A sale of the stake to either company would significantly strengthen the position of Russia or China in exploiting Iraq’s oil reserves, the world’s fourth biggest.
“During two separate meetings with executives from CNPC and Lukoil, Iraq informed the companies that it favours their contribution to purchase Exxon’s share in West Qurna-1 oilfield,” the official told Reuters.
Baghdad said it had received “positive signals” from both companies that they will consider making an offer for the $50 billion project, which the US supermajor wants to pull out of to focus on its deal for exploration blocks in Iraq’s autonomous Kurdish region.
ExxonMobil riled Baghdad by signing deals last year with the Kurdistan regional government (KRG). Baghdad rejects contracts granted by the KRG as illegal and told ExxonMobil it had to choose between working in southern Iraq or Kurdistan in the north.
The US oil major opted to stick with Kurdistan, where the contracts are seen as more lucrative.
“We have received positive signals from both CNPC and Lukoil that they will consider purchasing Exxon’s stake in West Qurna-1,” the official told the news wire.
“Iraq believes that both companies have enough financial resources and the technology to manage the giant oilfield instead of ExxonMobil,” he added.
ExxonMobil has now opened a virtual data room for West Qurna-1 and approached all likely buyers, inviting bids by 5 December, two sources said.
Lukoil, Russia’s second-largest crude producer which is already developing West Qurna-2, had previously said West Qurna-1 was “too big for it to swallow”, but last week said it was looking into the option.
That has prompted some speculation it could team up with another company, possibly CNPC, to develop the field.
A spokesman for Lukoil confirmed the company had received an offer to develop West Qurna-1: “We are studying it,” he said, declining to comment on whether a joint venture was on the cards.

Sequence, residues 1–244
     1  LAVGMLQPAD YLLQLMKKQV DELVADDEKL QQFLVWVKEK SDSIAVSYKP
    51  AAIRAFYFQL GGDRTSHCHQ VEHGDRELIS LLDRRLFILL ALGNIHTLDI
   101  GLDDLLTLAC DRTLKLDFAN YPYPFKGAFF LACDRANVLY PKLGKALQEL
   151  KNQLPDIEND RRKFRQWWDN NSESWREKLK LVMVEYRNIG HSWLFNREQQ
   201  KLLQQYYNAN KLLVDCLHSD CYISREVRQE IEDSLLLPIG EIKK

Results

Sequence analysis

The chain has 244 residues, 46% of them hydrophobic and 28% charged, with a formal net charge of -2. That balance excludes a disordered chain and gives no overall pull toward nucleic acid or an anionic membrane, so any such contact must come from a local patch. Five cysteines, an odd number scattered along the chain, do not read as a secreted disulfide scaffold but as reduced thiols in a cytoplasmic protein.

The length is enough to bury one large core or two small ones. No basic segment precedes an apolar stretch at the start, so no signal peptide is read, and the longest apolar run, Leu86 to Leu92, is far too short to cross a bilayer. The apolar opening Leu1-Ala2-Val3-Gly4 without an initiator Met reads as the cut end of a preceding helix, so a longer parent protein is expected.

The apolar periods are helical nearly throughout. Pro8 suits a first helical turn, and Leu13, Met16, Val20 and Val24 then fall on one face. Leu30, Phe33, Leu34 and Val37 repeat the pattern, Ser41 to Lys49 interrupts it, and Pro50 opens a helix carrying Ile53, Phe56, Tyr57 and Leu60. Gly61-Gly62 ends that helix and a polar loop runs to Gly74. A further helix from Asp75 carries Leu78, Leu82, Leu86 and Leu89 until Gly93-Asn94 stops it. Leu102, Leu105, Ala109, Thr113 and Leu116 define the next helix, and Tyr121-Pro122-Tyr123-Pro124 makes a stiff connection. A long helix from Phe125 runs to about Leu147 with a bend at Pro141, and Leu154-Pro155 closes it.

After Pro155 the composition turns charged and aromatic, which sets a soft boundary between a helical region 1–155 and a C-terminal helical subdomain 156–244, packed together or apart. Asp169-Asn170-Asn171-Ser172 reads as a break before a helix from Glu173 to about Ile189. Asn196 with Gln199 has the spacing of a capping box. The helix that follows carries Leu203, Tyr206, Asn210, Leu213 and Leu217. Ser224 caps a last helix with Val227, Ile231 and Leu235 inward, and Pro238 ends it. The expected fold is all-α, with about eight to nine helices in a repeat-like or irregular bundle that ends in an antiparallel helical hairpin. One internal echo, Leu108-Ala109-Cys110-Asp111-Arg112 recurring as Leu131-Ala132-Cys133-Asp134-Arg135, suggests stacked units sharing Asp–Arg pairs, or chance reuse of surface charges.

Lukoil is trying to offset a production decline at its fields in Russia, where it faces competition from state-backed companies, by acquiring foreign upstream assets.
The company is active in the Middle East, Central Asia, West Africa and Latin America. But Russia’s vast Arctic offshore reserves are off-limits for Lukoil due to legal restrictions that limit participation to state-controlled companies.
Two CNPC sources said the company was aware of ExxonMobil’s plan to pull out of the West Qurna-1 project, but declined to confirm or deny reports it was thinking of moving into the field.
In general, they said, CNPC is interested in expanding its operations in Iraq and will not entertain any projects in the Kurdish region so as not to jeopardise its existing deals with the federal government.
A spokesman of the state-owned CNPC declined to comment on its plans, Reuters said.
Earlier this week, Iraq’s deputy prime minister for energy, Hussein al-Shahristani, said the government was in advanced talks with potential buyers to take on West Qurna and that there were enough appropriate candidates.